2.6.1 Attack Models

Depending on purpose, attackers may choose to inject ”dummy profiles” in many ways.

Models of different attack strategies are surveyed in Mobasher et al. [103]. For con-venience, we propose to classify the models of attack into two distinctive categories:

Targeted Attackand Mass Attack.

Targeted Attacks include average attack [89], segment attack and bandwagon at-tack [103]. The common characteristic of targeted atat-tacks is that they pretend to be the

honest users in all ratings except on a few targets of interest. Thus, each dummy user can be decomposed into:

e = egnd+ s, where egnd∈N and s is sparse.

Mass Attacks include random attack, love-hate attack [103] and others. The com-mon characteristic of mass attacks is that they insert dummy users such that many



tries are manipulated. Hence, if we decompose a dummy user,

e = egnd+ egnd⊥,

where egnd= PNe and egnd⊥ = (I − PN)e ∈N⊥, then both components can have large magnitude. This is a more general model of attack.

2.6.2 Robustness Analysis

By definition, injected user profiles are column-wise: each dummy user corresponds to

a corrupted column in the data matrix. For notational convenience, we re-arrange the order of columns into [ Y | E ], where Y ∈ Rm×nis of all honest users, and E ∈ Rm×ne

contains all dummy users. As we only care about the prediction of honest users’ ratings,

we can, without loss of generality, set ground truth to be [ Y | Egnd] and the additive error to be [ 0 | Egnd⊥]. Thus, the recovery error Z = [ Y∗− Y | E∗− Egnd].

Proposition 2.3. Assume all conditions of Theorem 2.1 hold. Under ”Targeted

At-tacks”, there exists an absolute constantC, such that

RMSE ≤ 4kr smaxne |Ω| + Ck  (n + ne)r log(n + ne) |Ω| 14 . (2.12)

Here,smaxis maximal number of targeted items of each dummy user.

Proof. In the case of “Targeted Attacks”, we have (recall that k = max(i,j)|Yi,j|)

kEgnd⊥kF < X


ksik ≤pnesmax(2k)2.

Substituting this into Theorem 2.1 establishes the proposition.

Remark 2.1. Proposition 2.3 essentially shows that matrix factorization approach is robust to the targeted attack model due to the fact that smax is small. Indeed, if the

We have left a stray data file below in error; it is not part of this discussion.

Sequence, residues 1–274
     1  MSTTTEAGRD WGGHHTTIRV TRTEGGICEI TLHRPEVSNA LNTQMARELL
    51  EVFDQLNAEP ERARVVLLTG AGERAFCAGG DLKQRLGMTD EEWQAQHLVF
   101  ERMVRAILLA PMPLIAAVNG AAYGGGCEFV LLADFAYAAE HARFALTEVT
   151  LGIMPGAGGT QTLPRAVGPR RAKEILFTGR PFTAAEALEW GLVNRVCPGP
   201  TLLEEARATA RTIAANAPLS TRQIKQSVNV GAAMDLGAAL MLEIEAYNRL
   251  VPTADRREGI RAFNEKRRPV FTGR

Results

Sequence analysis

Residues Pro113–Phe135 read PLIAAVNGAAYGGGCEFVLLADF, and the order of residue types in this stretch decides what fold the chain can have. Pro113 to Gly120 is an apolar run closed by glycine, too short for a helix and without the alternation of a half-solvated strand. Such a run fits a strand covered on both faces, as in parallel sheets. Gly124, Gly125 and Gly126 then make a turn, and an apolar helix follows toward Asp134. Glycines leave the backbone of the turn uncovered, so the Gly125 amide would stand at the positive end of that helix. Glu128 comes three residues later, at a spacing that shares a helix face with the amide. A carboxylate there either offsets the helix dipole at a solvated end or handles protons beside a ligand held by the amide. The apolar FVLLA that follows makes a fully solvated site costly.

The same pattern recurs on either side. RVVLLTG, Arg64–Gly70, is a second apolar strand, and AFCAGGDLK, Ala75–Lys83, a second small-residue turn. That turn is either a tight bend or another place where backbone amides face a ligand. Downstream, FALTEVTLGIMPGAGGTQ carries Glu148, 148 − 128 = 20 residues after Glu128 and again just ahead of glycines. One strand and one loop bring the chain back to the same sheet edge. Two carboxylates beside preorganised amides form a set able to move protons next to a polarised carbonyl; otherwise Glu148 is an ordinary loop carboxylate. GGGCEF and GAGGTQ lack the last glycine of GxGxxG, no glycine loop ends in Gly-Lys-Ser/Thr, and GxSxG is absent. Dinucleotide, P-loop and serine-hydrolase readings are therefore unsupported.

sampling rate |Ω|/(m(n + ne)) is fixed, then RMSE converges to zero as m increases.


2.6 Robustness against Manipulators

algorithms (kNN) are extremely vulnerable to such attacks, due to the high similarity between dummy users and (some) honest users.

It is easy to see that the factorization method is less robust to mass attacks, simply

because kEgnd⊥kF is not sparse, and hence smaxcan be as large as m. Thus, the right

hand side of (2.12) may not diminish. Nevertheless, as we show below, if the number

of ”Mass Attackers” does not exceed certain threshold, then the error will mainly con-centrates on the E block. Hence, the prediction of the honest users is still acceptable.

Proposition 2.4. Assume sufficiently random subspace N (i.e., Propostion 2.2 holds),

above definition of “Mass Attacks”, and condition numberκ. If ne< √

n κ2r(


k2 ) and

|Ω| = pm(n + ne) satisfying p > 1/m1/4, furthermore individual sample rate of each

users is bounded within[p/2, 3p/2],1 then with probability of at least1 − cm−10, the

RMSE for honest users and for manipulators satisfies:

RMSEY ≤ C1κk  r3log(n) p3n 1/4 , RMSEE ≤ C2k √ p,

for some universal constantc, C1andC2.

The proof of Proposition 2.4, deferred in the appendix, involves bounding the pre-diction error of each individual users with Theorem 2.4 and sum over Y block and E

block separately. Subspace difference ρ is bounded with Theorem 2.1 and Theorem 2.3 together. Finally, σminis bounded via Proposition 2.2.

2.6.3 Simulation

To verify our robustness paradigm, we conducted simulation for both models of attacks. Y is generated by multiplying two 1000 × 10 gaussian random matrix and neattackers

are appended to the back of Y . Targeted Attacks are produced by randomly choosing from a column of Y and assign 2 “push” and 2 “nuke” targets to 1 and -1 respectively.

Mass Attacks are generated using uniform distribution. Factorization is performed us-ing ALS. The results of the simulation are summarized in Figure 2.1 and 2.2. Figure 2.1



compares the RMSE under two attack models. It shows that when the number of attack-ers increases, RMSE under targeted attack remains small, while RMSE under random

attack significantly increases. Figure 2.2 compares RMSEE and RMSEY under

ran-dom attack. It shows that when ne is small, RMSEY  RMSEE. However, as ne

increases, RMSEY grows and eventually is comparable to RMSEE. Both figures agree

with our theoretic prediction. Additionally, from Figure 2.3, we can see a sharp

tran-sition in error level from honest user block on the left to the dummy user blocks on the right. This agrees with the prediction in Proposition 2.4 and the discussion in the

beginning of Section 2.4. Lastly, Figure 2.4 illustrates the targeted attack version of Figure 2.2. From the curves, we can tell that while Proposition 2.3 bounds the total-RM SE, the gap between honest block and malicious block exists too. This leads to an

even smaller manipulator impacts on honest users.


Chapter Summary

This chapter presented a comprehensive study of the stability of matrix factorization

methods. The key results include a near-optimal stability bound, a subspace stability bound and a worst-case bound for individual columns. Then the theory is applied to the

notorious manipulator problem in collaborative filtering, which leads to an interesting insight of MF’s inherent robustness.

Matrix factorization is an important tool both for matrix completion task and for PCA with missing data. Yet, its practical success hinges on its stability – the

abil-ity to tolerate noise and corruption. The treatment in this chapter is a first attempt to understand the stability of matrix factorization, which we hope will help to guide the